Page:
• Facilitating situated learning: A 'mode 2' pedagogical model

      Wall, Tony; Leonard, Dilys T.; University of Chester (2011-09)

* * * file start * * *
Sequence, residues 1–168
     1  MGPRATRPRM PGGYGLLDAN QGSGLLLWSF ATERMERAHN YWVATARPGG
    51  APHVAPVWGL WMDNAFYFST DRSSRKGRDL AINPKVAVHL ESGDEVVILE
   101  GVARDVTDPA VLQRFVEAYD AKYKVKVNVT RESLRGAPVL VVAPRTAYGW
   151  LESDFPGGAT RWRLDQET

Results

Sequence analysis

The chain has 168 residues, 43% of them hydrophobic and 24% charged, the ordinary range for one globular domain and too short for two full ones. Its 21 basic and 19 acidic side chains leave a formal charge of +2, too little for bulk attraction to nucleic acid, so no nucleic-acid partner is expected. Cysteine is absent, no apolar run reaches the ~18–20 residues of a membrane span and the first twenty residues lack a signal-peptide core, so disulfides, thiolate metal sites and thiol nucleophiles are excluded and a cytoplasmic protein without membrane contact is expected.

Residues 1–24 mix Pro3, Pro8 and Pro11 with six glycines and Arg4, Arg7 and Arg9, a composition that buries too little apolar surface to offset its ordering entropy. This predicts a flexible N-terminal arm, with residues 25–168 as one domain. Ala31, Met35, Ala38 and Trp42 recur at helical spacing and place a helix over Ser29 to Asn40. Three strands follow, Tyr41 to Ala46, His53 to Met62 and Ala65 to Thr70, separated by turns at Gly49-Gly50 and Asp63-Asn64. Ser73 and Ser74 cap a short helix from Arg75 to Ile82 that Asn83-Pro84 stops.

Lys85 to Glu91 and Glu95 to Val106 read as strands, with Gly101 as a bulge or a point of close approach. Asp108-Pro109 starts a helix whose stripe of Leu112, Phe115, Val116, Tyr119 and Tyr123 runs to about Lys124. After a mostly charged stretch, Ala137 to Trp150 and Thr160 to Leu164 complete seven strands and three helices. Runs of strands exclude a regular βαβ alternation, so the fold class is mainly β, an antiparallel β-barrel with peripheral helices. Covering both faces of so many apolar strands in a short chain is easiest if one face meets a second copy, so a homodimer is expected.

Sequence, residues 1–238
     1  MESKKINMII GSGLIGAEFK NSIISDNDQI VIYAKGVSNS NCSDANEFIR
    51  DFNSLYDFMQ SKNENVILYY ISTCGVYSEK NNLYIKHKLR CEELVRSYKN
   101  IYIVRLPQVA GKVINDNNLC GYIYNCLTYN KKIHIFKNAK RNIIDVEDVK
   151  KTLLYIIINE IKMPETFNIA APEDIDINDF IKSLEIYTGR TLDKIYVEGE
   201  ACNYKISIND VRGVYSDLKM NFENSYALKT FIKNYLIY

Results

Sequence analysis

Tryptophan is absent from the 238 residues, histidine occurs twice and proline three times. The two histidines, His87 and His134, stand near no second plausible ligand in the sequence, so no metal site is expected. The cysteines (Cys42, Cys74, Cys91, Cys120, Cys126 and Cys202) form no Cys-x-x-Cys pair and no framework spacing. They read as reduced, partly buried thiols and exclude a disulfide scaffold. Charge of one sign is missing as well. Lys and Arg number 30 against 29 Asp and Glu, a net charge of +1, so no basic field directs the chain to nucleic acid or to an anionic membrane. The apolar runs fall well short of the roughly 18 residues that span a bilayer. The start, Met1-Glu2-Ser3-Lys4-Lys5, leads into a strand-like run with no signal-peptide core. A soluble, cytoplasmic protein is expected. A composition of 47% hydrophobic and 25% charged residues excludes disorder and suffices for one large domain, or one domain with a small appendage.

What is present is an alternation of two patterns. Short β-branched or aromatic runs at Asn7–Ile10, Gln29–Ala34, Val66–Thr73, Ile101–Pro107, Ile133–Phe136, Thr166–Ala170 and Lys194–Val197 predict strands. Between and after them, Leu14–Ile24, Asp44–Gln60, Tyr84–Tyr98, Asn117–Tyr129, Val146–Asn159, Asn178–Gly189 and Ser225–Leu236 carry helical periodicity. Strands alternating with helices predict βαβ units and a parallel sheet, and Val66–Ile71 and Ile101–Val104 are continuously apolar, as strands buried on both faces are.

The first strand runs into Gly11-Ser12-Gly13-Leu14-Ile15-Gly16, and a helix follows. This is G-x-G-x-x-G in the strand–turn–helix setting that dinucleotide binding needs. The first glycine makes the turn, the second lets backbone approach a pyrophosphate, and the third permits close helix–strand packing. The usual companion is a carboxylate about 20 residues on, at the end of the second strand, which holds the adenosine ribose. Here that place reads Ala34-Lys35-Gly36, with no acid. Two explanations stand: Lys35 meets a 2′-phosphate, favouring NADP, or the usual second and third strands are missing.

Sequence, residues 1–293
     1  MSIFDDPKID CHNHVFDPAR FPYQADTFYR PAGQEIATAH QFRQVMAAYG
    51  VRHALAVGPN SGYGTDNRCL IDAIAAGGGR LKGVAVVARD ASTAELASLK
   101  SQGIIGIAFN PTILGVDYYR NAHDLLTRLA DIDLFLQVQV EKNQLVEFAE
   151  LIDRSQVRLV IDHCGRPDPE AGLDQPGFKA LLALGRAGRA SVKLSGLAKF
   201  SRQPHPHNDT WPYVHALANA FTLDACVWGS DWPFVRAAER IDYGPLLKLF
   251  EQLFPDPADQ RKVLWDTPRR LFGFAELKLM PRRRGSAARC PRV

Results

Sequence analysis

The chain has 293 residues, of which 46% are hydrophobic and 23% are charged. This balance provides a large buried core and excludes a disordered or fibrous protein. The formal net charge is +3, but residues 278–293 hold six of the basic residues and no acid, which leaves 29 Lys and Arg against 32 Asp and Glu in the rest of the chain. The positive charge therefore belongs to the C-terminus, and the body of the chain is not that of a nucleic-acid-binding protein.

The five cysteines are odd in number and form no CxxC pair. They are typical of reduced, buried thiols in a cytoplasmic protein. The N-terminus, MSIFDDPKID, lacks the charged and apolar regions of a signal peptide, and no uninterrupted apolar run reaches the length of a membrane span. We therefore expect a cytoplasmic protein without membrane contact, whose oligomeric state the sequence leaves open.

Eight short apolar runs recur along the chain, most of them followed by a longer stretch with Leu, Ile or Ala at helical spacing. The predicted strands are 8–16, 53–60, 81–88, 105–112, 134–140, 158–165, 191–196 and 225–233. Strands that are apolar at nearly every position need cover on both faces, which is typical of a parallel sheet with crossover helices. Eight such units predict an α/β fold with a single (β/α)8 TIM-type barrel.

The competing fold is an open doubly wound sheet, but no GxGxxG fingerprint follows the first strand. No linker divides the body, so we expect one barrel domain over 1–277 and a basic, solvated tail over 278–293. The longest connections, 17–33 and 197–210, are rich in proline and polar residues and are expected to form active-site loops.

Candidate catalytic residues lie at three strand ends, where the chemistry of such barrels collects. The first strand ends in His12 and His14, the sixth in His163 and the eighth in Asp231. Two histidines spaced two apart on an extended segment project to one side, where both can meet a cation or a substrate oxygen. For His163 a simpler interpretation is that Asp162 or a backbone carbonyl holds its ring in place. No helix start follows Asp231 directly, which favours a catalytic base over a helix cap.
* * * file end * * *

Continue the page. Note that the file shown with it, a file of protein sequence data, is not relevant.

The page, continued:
Learning through workplace activity and projects, as part of a university level qualification, is an increasingly common approach for practitioners to study part-time higher education. In facilitating and assessing such ‘learning through work’ approaches, we have identified three recurring practical issues: learners focusing on describing rather than critical reflecting on their work for new insight, learners rejurgitating theory, and/or critically reflecting on practice without reference to academic knowledge. As a result, the work based projects and assessments were considered to hold greater potential for change. A pedagogical model to address this has been developed and refined over a period of two years (emerging from Brodie and Irving, 2007) – drawing on practice and data from one of the largest providers of negotiated, work based university-level learning. Using a cyclic first person action research methodology (Whitehead and McNiff, 2006), the model was used in group workshop contexts and one-to-one facilitation contexts with professionals studying work based learning degrees at undergraduate and postgraduate levels. Three distinctive aspects emerged based on Gibbons et al’s (1994) conception of mode 1 and mode 2 knowledge, where ‘mode 1’ knowledge which is academic/theoretical, sequential knowledge, organised by disciplinary boundaries and where ‘mode 2’ knowledge is situated, messy, problem-based and trans-disciplinary. The model highlights three key areas for professionals to consider: 1. theoretical knowledge (mode 2 academic ideas, principles, theories), 2. critical reflection (questioning for new insight), and 3. the workplace (activity in it, as a location/space focus). We have identified that learners place a high value on the model to structure own thinking and to help them articulate and structure the assessments. For them, it clearly distinguishes three important elements to pay attention to, and for facilitators, it provides an easier and more efficient way to enable learners to engage in this mode of learning and assessment.